The Committees of Advertising Practice (Cap), a sister body to the Advertising Standards Agency (ASA), has laid down updated rules stating services should not be described as "unlimited" if users are charged or have their services suspended for exceeding a threshold such as the number of texts sent.
Claims of "unlimited" by providers can only be made, according to the Cap, if customers are not charged or suspended for exceeding limits.
Companies found in breach of the advertising could have their ads banned. Repeat offenders can have their cases referred to Ofcom or Office of Fair Trading (OFT).
The new rules will come will be introduced into 2012.
The publication of the rules follows a review that kicked off in January, after the ASA received numerous complaints relating to speed and "unlimited" claims in telecoms advertising.
Broadband providers may manage traffic on their services but, Cap said, if this practice affects users "unduly", it is likely "unlimited" claims would be rendered misleading.
The new rules also state that marketers should be able to demonstrate that speeds claimed in broadband advertising are available to a reasonable proportion of consumers.
If maximum speed claims are made in broadband ads, advertisers should have to demonstrate that the speed is achievable for at least 10% of consumers.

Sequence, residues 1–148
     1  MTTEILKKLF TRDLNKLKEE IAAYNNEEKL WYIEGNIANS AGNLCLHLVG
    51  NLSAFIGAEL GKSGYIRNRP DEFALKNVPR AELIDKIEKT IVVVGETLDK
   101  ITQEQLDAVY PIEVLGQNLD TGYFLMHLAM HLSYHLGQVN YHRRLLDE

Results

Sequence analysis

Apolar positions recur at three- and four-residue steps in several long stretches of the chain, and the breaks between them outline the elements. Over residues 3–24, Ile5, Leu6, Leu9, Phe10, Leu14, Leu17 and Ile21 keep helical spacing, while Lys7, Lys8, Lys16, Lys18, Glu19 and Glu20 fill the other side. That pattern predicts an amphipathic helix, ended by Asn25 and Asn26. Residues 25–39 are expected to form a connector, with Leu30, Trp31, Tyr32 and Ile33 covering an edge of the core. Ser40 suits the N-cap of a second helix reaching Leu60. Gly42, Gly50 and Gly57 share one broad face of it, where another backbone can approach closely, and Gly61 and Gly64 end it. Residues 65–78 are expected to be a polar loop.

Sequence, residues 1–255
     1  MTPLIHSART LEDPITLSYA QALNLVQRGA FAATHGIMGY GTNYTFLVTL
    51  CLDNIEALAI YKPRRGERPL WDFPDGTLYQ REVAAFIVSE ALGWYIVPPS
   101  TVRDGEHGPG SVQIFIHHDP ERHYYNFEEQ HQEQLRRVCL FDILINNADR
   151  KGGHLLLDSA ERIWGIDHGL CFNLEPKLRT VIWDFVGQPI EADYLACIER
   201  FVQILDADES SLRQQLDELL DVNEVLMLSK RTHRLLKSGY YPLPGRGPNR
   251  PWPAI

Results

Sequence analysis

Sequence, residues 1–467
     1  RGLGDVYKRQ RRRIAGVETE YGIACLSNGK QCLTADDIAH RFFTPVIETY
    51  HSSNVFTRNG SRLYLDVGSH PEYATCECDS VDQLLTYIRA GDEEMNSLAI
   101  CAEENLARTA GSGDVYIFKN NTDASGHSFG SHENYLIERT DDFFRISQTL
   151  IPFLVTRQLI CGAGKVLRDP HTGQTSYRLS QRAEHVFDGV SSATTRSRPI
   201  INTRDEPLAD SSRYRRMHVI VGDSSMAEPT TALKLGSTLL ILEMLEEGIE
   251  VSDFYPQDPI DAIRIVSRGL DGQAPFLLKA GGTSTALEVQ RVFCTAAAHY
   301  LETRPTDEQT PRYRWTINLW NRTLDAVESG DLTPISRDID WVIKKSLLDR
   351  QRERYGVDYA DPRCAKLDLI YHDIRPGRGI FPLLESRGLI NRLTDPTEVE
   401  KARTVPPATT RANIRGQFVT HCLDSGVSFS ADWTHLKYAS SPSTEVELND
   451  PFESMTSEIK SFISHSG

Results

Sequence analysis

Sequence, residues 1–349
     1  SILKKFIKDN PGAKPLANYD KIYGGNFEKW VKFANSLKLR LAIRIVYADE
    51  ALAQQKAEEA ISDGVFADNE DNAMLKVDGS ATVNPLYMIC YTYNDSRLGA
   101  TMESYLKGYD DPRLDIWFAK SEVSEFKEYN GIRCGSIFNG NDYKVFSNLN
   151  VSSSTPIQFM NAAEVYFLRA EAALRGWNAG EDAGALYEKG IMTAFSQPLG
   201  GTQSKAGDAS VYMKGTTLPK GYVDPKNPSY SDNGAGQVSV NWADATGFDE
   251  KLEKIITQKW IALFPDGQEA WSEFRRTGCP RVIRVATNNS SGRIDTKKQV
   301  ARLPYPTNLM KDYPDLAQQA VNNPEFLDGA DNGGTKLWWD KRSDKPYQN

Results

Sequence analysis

In addition, providers will have to include additional information that makes clear a significant proportion of subscribers receive a speed that falls considerably short of what consumers might reasonably expect the service to offer.
In March, broadcast regulator Ofcom announced average broadband speeds were less that half the "up-to" speeds advertised by providers.
The ASA has warned the new guidance on advertising will be introduced on 1 April of next year and all future campaigns will have to follow the guidance.
Jon James, Virgin Media executive director of broadband, said: "Internet Service Providers will no longer be able to hide behind generic terms or catch-all claims which they simply cannot deliver.
"However there needs to be vigilant scrutiny to ensure this is genuinely applied to all marketing and that the spirit behind this demand for change is upheld, not just the minimum necessary is done to be acceptable.
"This new guidance only requires that 10% of customers get what is advertised. We only advertise speeds that at least 90% of our customers actually receive".
Follow Matthew Chapman on Twitter @mattchapmanuk